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    Keep your house quiet. While your dog is sick, keep the sound down and lights low. Think about how you like the environment when you are sick. Your dog will appreciate similar ambience. Limit visitors and noise from vacuums, children, and the television. This will allow your dog to get the rest he needs.
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    Isolate your sick dog from other dogs. It is a good idea to keep your sick dog away from other dogs. This will help prevent any transmission of diseases. This quiet time will also give your dog some time to rest.

Part 4
Keeping a Safe Environment for Your Dog

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    Don’t feed human food to your dog. Foods that are safe for humans can be deadly to dogs. Products like xylitol are especially dangerous for dogs. This is present in sugar-free foods and tooth care products.
    • Other toxic foods include bread dough, chocolate, avocados, alcohol, grapes, raisins, onions, garlic, and other foods.[4]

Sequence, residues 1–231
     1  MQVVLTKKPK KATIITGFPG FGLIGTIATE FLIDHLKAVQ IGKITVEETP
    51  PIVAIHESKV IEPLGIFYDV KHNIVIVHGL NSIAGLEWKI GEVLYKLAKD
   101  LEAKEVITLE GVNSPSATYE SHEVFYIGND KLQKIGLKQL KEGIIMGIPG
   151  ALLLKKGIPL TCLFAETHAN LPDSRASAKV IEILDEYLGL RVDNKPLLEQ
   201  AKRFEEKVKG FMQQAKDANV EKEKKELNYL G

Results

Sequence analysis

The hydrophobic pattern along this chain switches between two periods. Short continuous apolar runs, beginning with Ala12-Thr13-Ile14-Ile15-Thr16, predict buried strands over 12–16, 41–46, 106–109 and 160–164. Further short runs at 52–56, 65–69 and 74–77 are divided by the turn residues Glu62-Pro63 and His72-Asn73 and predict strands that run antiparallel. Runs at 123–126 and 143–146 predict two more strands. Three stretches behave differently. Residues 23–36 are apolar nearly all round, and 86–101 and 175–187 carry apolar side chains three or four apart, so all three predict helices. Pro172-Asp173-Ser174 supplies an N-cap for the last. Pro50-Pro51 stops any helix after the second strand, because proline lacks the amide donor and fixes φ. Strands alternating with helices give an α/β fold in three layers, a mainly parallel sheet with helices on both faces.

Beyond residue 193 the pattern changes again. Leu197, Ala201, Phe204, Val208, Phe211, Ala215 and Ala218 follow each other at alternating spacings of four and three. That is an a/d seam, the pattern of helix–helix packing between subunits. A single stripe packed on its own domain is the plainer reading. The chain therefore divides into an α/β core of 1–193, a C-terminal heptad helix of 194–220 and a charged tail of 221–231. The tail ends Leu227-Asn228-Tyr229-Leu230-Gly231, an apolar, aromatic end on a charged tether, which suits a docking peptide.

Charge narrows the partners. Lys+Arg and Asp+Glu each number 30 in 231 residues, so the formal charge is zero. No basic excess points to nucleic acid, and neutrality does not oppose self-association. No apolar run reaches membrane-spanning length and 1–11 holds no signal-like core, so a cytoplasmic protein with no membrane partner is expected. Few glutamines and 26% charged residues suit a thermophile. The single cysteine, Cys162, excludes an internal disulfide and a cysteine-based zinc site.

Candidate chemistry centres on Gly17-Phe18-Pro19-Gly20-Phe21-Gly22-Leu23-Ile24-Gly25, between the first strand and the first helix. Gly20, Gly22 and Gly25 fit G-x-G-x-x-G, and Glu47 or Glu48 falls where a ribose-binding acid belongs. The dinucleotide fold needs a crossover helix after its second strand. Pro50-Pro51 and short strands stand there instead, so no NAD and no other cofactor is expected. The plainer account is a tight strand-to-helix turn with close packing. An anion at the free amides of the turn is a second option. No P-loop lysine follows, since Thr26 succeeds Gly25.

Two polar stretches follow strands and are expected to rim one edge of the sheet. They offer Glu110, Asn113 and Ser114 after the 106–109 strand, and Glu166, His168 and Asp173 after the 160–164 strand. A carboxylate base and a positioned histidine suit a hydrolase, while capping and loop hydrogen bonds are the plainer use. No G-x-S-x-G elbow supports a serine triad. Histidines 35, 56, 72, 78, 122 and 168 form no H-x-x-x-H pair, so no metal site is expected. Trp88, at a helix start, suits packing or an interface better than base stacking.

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    Don’t give human medication to your dog. Never give your dog human medication unless you have checked with your veterinarian. These medications can be toxic to dogs and they may make illnesses worse.
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    Keep your house, garage, and yard free from toxic substances. Always monitor your dog when he is outside. Keep potentially toxic substances out of his reach. These can include pesticides, antifreeze, fertilizers, prescription medications, insecticides and other items.[5] These items can be poisonous and potentially lethal to a dog.


  • Always talk in a gentle and loving voice to your dog.

Sources and Citations

  1. Cahn CM, Line S. The Merck Veterinary Manual. 9th ed. John Wiley & Sons, 2005
  2. Kirk and Bistner’s Handbook of Veterinary Procedures and Emergency Treatment. Eighth Edition. Ford and Mazzaferro. Elsevier, Inc. 2006.
  3. Blackwell's Five-Minute Veterinary Consult: Canine and Feline. Tilley and Smith. Wiley and Blackwell. 2011
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Article Info

Categories: Dogs | Pet Hazards